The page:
Building the monument

On the afternoon of 1 April 1940, after a second victory parade through the streets of Madrid and a gala luncheon at the Royal Palace, Franco travelled to Cuelgamuros with his wife, senior government and military figures, authorities of the Movimiento Nacional, heads of the Sección Femenina (the women’s branch of the Falange), and the ambassadors of Germany, Italy and Portugal. At the Risco de la Nava base, Colonel Valentín Galarza, Secretary to the Head of State, read the decree aloud and the first blast was set off. Thus a construction process of almost nineteen years was set in motion, mobilizing vast resources in a postwar context of widespread poverty and misery.

The first architect to take charge of the project was Pedro Muguruza, Director General of Architecture, who produced the early drafts and designs for the monument’s crypt. July 1941 saw the creation of the Consejo de las Obras del Monumento Nacional a los Caídos – the Board of Works of the National Monument to the Fallen – over which Interior Minister Valentín Galarza presided. Its mission was to “implement the projects approved in the shortest possible timeframe, providing solutions to those problems as may arise in the course of the execution of the work”.

The execution of that work was awarded by tender in three substantial contracts: drilling of the crypt would be carried out by the company San Román; the monastery and adjacent buildings were entrusted to the firm Molán; and the approach road was built by Banús. Each of these companies set up and managed a specific detachment made up of both free workers and prisoners. The scope of the work and slow rate of progress led the regime to introduce sentence reductions in return for labour in a scheme devised by Jesuit José Agustín Pérez del Pulgar.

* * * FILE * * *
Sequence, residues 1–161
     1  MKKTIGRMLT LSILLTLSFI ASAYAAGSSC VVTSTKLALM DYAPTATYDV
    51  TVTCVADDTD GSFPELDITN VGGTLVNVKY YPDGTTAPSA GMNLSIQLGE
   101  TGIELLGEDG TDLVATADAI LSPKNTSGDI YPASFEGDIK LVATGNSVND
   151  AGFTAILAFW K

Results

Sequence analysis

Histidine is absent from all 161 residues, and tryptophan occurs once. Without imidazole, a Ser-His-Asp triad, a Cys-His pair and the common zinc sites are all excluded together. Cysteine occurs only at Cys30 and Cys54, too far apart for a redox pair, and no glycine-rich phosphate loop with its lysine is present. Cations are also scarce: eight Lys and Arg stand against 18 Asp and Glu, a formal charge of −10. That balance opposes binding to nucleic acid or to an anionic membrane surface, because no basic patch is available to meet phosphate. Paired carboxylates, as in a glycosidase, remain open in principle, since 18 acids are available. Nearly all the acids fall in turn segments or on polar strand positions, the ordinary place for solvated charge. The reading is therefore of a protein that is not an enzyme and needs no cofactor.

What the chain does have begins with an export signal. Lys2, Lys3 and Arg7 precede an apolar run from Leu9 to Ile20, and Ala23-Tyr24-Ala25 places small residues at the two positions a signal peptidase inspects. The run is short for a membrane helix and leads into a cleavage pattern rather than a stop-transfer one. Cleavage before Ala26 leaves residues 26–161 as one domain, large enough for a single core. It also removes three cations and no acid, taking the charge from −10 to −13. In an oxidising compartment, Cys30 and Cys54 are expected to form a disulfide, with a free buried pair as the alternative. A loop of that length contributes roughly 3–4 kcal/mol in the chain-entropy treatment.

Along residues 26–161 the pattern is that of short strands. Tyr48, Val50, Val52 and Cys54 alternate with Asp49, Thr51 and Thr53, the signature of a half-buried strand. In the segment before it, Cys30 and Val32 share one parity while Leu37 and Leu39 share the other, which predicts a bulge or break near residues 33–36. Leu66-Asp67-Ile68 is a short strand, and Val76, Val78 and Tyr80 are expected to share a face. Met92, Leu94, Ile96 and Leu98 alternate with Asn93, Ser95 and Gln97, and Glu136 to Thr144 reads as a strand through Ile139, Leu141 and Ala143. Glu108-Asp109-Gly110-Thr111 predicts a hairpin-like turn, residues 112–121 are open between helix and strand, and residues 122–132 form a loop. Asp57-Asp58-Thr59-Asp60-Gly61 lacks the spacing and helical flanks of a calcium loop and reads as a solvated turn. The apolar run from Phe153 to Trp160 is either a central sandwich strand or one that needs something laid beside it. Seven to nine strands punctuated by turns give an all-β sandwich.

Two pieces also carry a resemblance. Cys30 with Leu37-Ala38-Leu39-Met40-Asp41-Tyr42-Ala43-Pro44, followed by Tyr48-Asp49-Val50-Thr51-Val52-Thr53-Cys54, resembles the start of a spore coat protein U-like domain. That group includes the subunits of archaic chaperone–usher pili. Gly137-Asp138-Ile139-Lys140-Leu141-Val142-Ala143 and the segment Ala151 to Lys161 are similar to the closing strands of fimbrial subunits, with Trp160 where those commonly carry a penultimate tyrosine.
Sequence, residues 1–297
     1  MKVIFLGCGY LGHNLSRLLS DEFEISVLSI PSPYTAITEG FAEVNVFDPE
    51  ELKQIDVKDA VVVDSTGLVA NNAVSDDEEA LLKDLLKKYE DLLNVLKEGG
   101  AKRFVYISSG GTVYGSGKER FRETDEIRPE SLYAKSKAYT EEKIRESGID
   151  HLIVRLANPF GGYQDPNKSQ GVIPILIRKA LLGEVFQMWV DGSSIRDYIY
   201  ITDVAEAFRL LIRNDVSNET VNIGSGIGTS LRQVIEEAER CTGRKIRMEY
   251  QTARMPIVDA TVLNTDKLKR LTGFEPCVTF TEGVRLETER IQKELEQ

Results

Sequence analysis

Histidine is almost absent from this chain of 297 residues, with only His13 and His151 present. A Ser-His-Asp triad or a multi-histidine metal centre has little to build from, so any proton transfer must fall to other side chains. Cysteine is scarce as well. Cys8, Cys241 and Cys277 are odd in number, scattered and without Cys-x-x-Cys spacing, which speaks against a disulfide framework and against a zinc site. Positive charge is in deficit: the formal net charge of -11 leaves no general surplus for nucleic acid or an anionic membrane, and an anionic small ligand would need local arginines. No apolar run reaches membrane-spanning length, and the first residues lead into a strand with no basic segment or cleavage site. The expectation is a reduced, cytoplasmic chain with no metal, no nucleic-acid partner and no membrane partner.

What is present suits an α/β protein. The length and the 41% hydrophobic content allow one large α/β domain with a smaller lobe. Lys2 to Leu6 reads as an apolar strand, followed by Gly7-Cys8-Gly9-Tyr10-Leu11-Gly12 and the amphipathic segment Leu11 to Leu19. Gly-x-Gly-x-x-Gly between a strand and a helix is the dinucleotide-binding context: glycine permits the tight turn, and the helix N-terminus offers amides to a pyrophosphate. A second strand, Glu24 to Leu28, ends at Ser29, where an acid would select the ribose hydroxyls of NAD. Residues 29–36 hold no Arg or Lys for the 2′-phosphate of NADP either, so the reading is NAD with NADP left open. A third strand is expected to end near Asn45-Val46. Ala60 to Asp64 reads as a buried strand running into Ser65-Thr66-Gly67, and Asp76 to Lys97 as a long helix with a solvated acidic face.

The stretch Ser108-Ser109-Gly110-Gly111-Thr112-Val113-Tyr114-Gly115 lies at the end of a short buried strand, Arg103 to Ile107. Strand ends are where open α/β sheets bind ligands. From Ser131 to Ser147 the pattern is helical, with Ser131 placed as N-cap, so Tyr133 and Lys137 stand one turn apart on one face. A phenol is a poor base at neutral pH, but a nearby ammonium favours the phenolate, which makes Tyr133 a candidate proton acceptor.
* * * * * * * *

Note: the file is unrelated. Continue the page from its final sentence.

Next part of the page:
In January 1942, a company from the 95th battalion of imprisoned soldiers was brought to the Valley, and thousands of political prisoners worked there between 1943 and 1950. The use of political prisoners for the building work, the economic gains for the contractors and the number of work-related accidents or health disorders associated with the precarious working conditions are some of the most controversial aspects of constructing the monument to have been highlighted in recent decades. In 2021, an archaeological dig at the penal detachment, especially at the Banús site, shed light on the living conditions of both free workers, prisoners and their families who lived in shacks around the detachments after 1947.

In 1950, architect Diego Méndez replaced Pedro Muguruza as director of the building work which led to significant changes in scale and planning. The sculptural work on the exterior – including the Pietà above the entrance, the four evangelists and the four cardinal virtues at the base of the cross – is by Juan de Ávalos, as are the four archangels in the transept of the basilica. The 150-metre Christian cross crowning the Valley was designed by Diego Méndez.

Although religious symbolism predominates, the iconographic programme of the complex is markedly militaristic, as shown by the archangel guards in the atrium, armed with swords; the six side chapels are dedicated to the patrons of the armed forces and military or imperial feats; both sides of the final section of the nave feature allegories of the armed forces, and battle scenes can be found in the lower right section of the dome, with a tank, combatants and the flags of the winning factions.

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